The Sonic Gates

Shock sensitive

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The following materials are shock-sensitive, and may decompose violently if struck or heated. Solids are also prone to explosive decomposition if ground, for example with pestle and mortar. A few of the materials listed are not, of themselves, explosive, but mixtures of them with combustible material such as organic reagents, may be dangerous.



acetaldehyde

aluminum ophorite explosive

amatol

ammonal

ammonium nitrate

ammonium perchlorate

ammonium picrate

benzoyl peroxide

2-Butanol



butyl tetryl

calcium nitrate

copper acetylide

cumene

cyanuric triazide

cyanogen Bromide

cyclohexane

cyclotrimethylenetrinitramine

dicyclopentadiene

diethyl Ether

dinitroresorcinol

dinitroethyleneurea

dinitroglycerine

dinitrophenol

dinitrophenolates

dinitrophenyl hydrazine

dinitrotoluene

dioxane

dipicrylamine

dipicryl sulfone

erythritol tetranitrate

ethylene glycol dimethyl

ether

ethyl ether

ethyl vinyl ether

fulminating mercury

fulminating gold

fulminating platinum

fulminating silver

gelatinized nitrocellulose

guanyl nitrosamino

guanyltetrazene

guanyl nitrosamino

guanylidene

hydrazine

hydrazoic acid

heavy metal azide

hexanite

hexanitrodiphenylamine

hexanitrostilbene

hexogen

hyrazinium nitrate

isopropyl ether

lead azide

lead mannite

lead mononitroresorcinate

lead picrate

lead salts

lead styphnate

magnesium ophorite

magnesium perchlorate

mannitol hexanitrate

mercury oxalate

mercury fulminate

mercury oxalate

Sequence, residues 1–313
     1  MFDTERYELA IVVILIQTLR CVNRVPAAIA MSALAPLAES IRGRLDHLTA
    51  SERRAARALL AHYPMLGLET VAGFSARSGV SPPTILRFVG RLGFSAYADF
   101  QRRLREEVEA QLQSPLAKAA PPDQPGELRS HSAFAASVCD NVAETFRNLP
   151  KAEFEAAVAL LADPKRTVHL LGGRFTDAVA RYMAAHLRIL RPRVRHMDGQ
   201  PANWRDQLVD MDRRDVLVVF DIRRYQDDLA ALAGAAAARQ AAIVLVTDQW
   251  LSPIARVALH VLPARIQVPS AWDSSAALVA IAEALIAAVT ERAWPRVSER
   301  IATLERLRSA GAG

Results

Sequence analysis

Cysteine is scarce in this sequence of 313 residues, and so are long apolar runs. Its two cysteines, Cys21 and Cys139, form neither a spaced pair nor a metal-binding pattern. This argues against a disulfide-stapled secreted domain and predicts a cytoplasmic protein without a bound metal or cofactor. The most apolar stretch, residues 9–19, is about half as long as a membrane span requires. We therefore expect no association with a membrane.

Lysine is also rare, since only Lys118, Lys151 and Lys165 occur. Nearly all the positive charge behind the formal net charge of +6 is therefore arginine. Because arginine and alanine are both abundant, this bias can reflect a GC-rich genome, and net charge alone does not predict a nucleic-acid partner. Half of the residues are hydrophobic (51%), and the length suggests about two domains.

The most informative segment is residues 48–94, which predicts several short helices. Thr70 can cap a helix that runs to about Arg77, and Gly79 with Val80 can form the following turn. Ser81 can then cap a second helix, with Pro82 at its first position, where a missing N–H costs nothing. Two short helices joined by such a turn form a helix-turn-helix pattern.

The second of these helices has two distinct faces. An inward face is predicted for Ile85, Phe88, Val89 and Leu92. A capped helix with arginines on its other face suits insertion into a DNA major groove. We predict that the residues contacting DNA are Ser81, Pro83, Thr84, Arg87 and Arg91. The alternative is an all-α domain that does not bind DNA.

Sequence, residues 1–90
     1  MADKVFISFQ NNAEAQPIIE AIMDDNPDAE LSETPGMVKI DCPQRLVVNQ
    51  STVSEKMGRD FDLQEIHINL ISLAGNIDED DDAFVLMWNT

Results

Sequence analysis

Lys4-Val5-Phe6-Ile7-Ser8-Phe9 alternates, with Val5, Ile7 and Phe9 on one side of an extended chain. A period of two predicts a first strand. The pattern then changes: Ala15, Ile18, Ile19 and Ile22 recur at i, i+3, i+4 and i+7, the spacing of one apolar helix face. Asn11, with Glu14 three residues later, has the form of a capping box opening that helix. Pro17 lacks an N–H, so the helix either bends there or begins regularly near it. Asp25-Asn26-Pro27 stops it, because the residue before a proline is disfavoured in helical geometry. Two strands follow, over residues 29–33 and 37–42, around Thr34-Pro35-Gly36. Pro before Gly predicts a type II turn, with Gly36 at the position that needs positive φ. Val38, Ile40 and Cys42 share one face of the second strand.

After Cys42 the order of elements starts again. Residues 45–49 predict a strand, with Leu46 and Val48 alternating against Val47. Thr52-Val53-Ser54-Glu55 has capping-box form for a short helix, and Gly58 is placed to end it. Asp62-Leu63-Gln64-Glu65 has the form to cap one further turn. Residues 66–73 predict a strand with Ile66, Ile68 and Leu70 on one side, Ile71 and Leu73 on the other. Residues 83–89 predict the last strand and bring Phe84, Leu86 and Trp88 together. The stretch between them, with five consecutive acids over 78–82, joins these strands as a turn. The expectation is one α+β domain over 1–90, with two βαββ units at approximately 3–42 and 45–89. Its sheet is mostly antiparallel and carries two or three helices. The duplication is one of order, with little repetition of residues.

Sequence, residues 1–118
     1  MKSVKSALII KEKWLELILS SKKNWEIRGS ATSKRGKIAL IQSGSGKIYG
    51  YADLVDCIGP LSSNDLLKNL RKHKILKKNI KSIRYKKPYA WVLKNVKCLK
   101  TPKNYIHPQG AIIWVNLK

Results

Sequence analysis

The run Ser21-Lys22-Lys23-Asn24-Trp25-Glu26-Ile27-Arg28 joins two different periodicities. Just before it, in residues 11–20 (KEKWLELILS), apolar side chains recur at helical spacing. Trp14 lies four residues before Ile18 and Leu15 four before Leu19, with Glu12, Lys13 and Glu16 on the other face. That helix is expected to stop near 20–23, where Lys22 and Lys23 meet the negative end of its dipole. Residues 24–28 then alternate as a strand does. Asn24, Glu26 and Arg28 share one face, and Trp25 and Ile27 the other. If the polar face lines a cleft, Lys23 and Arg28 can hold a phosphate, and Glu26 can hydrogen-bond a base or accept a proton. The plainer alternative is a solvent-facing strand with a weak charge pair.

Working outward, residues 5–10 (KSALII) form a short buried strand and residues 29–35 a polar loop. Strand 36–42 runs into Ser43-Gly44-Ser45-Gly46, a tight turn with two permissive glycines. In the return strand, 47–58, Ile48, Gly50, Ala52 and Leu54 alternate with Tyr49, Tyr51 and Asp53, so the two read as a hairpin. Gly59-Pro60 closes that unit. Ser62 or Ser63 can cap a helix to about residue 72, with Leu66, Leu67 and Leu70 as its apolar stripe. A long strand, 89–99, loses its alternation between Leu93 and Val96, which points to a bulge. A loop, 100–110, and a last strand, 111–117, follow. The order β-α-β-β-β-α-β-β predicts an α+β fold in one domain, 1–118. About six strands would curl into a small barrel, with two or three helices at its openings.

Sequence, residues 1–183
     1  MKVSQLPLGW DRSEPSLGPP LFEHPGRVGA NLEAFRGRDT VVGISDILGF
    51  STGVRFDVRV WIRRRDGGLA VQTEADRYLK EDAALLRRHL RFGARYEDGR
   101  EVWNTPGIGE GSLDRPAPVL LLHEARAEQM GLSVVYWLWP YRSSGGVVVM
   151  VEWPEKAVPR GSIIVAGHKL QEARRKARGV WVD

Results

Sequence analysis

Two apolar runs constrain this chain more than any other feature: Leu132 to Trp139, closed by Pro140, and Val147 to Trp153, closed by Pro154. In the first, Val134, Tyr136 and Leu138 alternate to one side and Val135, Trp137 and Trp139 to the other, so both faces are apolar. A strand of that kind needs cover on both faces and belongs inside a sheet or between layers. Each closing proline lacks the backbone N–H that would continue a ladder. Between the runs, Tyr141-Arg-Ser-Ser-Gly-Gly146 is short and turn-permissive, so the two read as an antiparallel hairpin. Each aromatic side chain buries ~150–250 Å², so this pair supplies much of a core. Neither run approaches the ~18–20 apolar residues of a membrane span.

mercury tartrate

mononitrotoluene

nitrated carbohydrate

nitrated glucoside

nitrated polyhydric alcohol

nitrogen triiodide

nitrogen trichloride

nitroglycerin

nitroglycide

nitroglycol

nitroguanidine

nitromethane

nitronium perchlorate

nitroparaffins

nitrotoluene

nitrourea

organic amine nitrates

organic peroxides

organic nitramines

perchloric acid

picramic acid

picramide

picratol

picric acid

picryl chloride

picryl fluoride

polynitro aliphatic compounds

potassium metal

potassium nitroaminotetrazole

potassium perchlorate

robenzoic acid

silver acetylide

silver azide

silver fulminate

silver styphnate

silver tetrazene

sodatol

sodium amatol

sodium azide

sodium dinitro-ortho-cresolate

sodium nitrate/potassium nitrate (Mixture)

sodium perchlorate

sodium picramate

styrene

syphnic acid

tert-butyl hydroperoxide

tetrahydrofuran (THF)

tetranitrocarbazole

tetraze

tetrytol

triethylene glycol divinyl ether

trimethylolethane

trimonite

trinit

trinitroresorcinol

trinitroanisole

trinitrobenzene

trinitrobenzoic acid

trinitrocresol

trinitro-meta-cresol

trinitronaphthalene

trinitrophenetol

trinitrophloroglucinol

trinitrotoluene (TNT)

urea ammonium nitrate

urea nitrate

vinyl chloride

vinylidene chloride acetylides



The above table provides examples of peroxide-forming and/or shock sensitive chemicals only and is not an inclusive list. Consult Material Safety Data Sheets for information on the peroxide-forming potential and shock sensitivity of specific chemicals.

Shock sensitive materials should be kept to a minimum by maintaining proper inventory consistent with the rate of use. Inventory is also important in order to dispose of chemicals which tend to form unstable materials with age, such as ethers, or materials which become dangerous when they become dehydrated, such as picric acids. Shock-sensitive materials should be stored in a cool, dry area, and protected from heat and shock. During storage, the materials should be segregated from incompatible materials including flammables and corrosives. Materials which are used specifically because of their explosive properties should be treated as an explosive of the appropriate class and kept in a explosive proof locker or the equivalent storage area.

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